Economics Support Increased Border Security

The recent death of Mollie Tibbets has reignited calls for increased border security, with supporters of such measures citing the social costs of illegal immigration. But while one could argue endlessly on the social impact of illegal immigration, the reality is that illegal immigrants commit fewer violent crimes than natural citizens. The rare social consequences of the practice alone will not be enough for Congress to approve measures for additional border security. The economic consequences of the practice, on the other hand, are more than enough to justify further investments to try to curb it. Strengthening our porous borders would prevent illegal immigrants from robbing Americans of billions of dollars each year through the use of government services and by driving down wages.

The most financially crippling consequence of illegal immigration is the excessive load on government services such as healthcare, welfare, and public schooling by illegal immigrants. Often times, illegal immigrants are using these taxpayer-funded services, without paying their fair share of taxes. According to the Federation of American Immigration Reform, every year, illegal immigrants are using over $134 billion worth of government services, but pay less than $19 billion in taxes. This $116 billion deficit is paid entirely by American taxpayers and is just one-way American citizens are forced to foot the illegal immigration bill.

Illegal immigration is also destructive economically for America’s manual workers. Upon entering the US, illegal immigrants often compete with Americans for the unskilled manual jobs often undercutting them by accepting lower than minimum wage and getting paid in cash. An influx of illegal immigrants leads to a higher supply in the unskilled job market. With a higher supply of applicants, corporations lower wages – a detrimental consequence for the lower class who see their already small pay drop even further. Research on this issue has strongly supported this fact. Time and time again it has been proven that the immigration of low skill workers, which most illegal immigrants are, depresses wages. According to the Federation for American Immigration Reform, between 1980 – 1994, 40 to 50 percent of wage-loss among low-skilled Americans was due to the immigration of low skilled workers. The wage-depressing effect of low skilled workers specifically illegal immigrants was documented by the Federal Reserve Bank of Atlanta in 2008. The Federal Reserve Bank of Atlanta found that “average wages among documented [legal] workers are lower in industries that employ undocumented [illegal] workers and that a greater share of undocumented workers in those industries further lowers wages.”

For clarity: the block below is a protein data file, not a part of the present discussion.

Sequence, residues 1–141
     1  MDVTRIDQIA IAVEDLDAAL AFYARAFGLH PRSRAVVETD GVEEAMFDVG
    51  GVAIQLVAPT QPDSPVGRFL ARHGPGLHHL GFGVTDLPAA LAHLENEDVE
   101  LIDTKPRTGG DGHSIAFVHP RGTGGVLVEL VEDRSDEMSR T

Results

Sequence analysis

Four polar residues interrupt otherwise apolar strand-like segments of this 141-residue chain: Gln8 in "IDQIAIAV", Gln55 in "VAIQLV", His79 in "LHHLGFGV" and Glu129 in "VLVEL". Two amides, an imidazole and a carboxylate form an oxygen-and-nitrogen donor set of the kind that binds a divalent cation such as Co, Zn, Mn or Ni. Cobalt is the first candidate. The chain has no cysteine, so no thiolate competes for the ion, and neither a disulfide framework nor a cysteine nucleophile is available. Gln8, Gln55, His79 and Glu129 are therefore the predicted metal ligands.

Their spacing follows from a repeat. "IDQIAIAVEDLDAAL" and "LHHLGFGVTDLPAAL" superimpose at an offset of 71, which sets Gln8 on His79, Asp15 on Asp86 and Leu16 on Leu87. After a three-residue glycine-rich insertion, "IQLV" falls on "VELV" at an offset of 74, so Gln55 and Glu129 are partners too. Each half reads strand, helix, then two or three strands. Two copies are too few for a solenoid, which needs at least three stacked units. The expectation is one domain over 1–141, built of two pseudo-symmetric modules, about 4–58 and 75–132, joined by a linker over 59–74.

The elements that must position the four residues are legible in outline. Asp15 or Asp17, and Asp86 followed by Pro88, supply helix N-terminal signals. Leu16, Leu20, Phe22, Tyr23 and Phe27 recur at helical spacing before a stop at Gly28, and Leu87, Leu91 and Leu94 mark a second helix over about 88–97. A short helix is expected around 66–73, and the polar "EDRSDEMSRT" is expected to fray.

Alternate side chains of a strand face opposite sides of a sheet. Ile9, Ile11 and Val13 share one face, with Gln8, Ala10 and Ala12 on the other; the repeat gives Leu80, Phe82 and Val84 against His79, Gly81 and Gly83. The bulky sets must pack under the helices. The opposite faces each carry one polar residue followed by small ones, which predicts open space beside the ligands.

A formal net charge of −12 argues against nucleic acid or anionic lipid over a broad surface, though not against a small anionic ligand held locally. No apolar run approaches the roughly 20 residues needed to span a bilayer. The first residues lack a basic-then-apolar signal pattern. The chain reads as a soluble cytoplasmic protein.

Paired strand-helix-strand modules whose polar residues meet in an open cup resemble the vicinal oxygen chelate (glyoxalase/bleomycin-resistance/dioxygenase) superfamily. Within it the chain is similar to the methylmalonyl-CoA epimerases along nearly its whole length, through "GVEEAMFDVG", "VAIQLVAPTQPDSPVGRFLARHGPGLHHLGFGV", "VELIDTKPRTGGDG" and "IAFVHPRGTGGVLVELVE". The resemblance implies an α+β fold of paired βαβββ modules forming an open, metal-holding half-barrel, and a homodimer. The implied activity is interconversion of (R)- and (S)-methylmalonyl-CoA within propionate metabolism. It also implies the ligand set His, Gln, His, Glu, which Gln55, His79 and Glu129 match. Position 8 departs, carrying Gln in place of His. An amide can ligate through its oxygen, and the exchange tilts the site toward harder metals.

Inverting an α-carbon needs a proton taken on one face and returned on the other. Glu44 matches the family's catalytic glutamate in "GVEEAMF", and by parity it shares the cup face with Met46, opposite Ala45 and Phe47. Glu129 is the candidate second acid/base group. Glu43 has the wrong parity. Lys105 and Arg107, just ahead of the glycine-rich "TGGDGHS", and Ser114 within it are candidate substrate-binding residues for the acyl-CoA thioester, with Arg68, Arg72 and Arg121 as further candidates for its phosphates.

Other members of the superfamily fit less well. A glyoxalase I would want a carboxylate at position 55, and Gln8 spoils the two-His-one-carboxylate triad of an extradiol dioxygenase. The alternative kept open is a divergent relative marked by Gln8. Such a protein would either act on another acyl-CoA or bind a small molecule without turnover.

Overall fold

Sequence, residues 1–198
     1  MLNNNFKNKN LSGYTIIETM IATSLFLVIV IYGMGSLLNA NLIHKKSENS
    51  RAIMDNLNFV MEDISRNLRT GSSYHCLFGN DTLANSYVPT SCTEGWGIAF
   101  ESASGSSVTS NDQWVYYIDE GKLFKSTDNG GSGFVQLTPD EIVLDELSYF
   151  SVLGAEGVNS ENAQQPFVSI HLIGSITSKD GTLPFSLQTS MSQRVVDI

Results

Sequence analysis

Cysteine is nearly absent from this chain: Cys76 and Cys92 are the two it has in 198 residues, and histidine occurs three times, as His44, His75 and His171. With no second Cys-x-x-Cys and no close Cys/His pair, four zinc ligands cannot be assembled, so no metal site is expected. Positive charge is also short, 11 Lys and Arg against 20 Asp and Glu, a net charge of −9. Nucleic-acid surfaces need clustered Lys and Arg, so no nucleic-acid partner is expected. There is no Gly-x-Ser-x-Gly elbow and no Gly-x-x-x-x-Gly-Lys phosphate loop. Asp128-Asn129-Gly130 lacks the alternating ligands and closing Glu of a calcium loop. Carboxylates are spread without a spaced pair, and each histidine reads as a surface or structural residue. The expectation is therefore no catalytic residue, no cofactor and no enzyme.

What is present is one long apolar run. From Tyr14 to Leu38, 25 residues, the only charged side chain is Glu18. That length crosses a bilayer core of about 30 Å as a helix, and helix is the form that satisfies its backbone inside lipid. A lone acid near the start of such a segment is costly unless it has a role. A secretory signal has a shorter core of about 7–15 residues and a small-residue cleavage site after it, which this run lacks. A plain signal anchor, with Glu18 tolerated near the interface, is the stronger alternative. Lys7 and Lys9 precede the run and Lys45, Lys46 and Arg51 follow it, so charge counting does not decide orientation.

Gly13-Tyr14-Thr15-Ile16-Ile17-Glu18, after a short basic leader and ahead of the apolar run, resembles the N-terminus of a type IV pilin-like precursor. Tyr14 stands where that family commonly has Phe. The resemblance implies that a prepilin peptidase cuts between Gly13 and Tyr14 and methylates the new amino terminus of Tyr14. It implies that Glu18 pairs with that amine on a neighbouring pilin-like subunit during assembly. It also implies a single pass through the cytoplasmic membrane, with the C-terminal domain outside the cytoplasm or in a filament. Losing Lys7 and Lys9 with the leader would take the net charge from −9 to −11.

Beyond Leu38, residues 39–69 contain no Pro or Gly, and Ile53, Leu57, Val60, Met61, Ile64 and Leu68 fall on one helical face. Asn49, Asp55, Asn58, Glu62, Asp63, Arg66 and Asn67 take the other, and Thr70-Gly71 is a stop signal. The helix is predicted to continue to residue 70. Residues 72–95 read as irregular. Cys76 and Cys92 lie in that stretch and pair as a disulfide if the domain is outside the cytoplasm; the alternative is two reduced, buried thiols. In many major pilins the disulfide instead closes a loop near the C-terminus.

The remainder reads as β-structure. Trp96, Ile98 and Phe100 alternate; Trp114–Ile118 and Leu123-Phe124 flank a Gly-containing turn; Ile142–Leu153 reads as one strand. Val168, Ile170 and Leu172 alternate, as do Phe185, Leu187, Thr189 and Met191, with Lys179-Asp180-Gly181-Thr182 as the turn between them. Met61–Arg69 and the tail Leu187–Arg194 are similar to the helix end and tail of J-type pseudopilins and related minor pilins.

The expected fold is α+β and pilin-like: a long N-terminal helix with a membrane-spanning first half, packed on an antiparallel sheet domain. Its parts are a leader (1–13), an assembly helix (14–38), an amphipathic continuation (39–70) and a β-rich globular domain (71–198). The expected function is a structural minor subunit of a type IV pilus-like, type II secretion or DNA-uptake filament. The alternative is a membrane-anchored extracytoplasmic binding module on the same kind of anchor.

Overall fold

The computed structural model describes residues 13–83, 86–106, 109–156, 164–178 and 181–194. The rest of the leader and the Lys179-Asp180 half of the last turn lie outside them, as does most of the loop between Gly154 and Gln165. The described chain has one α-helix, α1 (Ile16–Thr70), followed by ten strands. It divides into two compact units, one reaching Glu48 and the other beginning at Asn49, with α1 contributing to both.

Even when they are caught, illegal immigrants cost the US government millions of dollars. When caught, they are sent to prisons while they await court rulings. As they wait, they are housed in detention facilities. It costs the US government over $100 a day to house one illegal immigrant and annually over $46,000 — more than the average citizens’ income. With an estimated 40,000 illegals in detention facilities every day, these costs add up. The world erupted over family separation, but what was missed was the underlying bigger issue — the US, and consequently, taxpayers are paying millions every year to house people who shouldn’t be in our country.